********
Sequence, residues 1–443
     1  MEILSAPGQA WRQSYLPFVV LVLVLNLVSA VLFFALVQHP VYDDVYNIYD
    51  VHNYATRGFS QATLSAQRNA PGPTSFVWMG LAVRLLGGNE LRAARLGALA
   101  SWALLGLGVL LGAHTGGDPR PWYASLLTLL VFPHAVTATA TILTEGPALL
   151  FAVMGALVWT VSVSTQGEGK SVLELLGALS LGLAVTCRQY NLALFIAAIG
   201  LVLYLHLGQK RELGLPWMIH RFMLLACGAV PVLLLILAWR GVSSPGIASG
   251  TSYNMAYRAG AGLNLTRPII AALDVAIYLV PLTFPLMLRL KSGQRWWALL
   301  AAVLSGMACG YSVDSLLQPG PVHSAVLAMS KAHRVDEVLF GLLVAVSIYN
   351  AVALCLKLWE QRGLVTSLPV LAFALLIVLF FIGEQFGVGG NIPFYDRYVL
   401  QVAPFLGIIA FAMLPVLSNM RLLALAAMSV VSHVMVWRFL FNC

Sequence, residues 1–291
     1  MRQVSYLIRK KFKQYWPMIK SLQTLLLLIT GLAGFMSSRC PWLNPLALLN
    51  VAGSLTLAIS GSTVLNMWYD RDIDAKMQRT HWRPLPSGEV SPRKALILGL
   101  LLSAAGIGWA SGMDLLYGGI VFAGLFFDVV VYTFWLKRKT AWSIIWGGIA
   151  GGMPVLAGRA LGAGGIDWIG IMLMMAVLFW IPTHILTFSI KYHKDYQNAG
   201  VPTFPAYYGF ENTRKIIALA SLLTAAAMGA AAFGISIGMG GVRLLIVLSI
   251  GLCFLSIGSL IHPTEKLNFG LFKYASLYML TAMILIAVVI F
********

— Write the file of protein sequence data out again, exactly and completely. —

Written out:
Sequence, residues 1–443
     1  MEILSAPGQA WRQSYLPFVV LVLVLNLVSA VLFFALVQHP VYDDVYNIYD
    51  VHNYATRGFS QATLSAQRNA PGPTSFVWMG LAVRLLGGNE LRAARLGALA
   101  SWALLGLGVL LGAHTGGDPR PWYASLLTLL VFPHAVTATA TILTEGPALL
   151  FAVMGALVWT VSVSTQGEGK SVLELLGALS LGLAVTCRQY NLALFIAAIG
   201  LVLYLHLGQK RELGLPWMIH RFMLLACGAV PVLLLILAWR GVSSPGIASG
   251  TSYNMAYRAG AGLNLTRPII AALDVAIYLV PLTFPLMLRL KSGQRWWALL
   301  AAVLSGMACG YSVDSLLQPG PVHSAVLAMS KAHRVDEVLF GLLVAVSIYN
   351  AVALCLKLWE QRGLVTSLPV LAFALLIVLF FIGEQFGVGG NIPFYDRYVL
   401  QVAPFLGIIA FAMLPVLSNM RLLALAAMSV VSHVMVWRFL FNC

Sequence, residues 1–291
     1  MRQVSYLIRK KFKQYWPMIK SLQTLLLLIT GLAGFMSSRC PWLNPLALLN
    51  VAGSLTLAIS GSTVLNMWYD RDIDAKMQRT HWRPLPSGEV SPRKALILGL
   101  LLSAAGIGWA SGMDLLYGGI VFAGLFFDVV VYTFWLKRKT AWSIIWGGIA
   151  GGMPVLAGRA LGAGGIDWIG IMLMMAVLFW IPTHILTFSI KYHKDYQNAG
   201  VPTFPAYYGF ENTRKIIALA SLLTAAAMGA AAFGISIGMG GVRLLIVLSI
   251  GLCFLSIGSL IHPTEKLNFG LFKYASLYML TAMILIAVVI F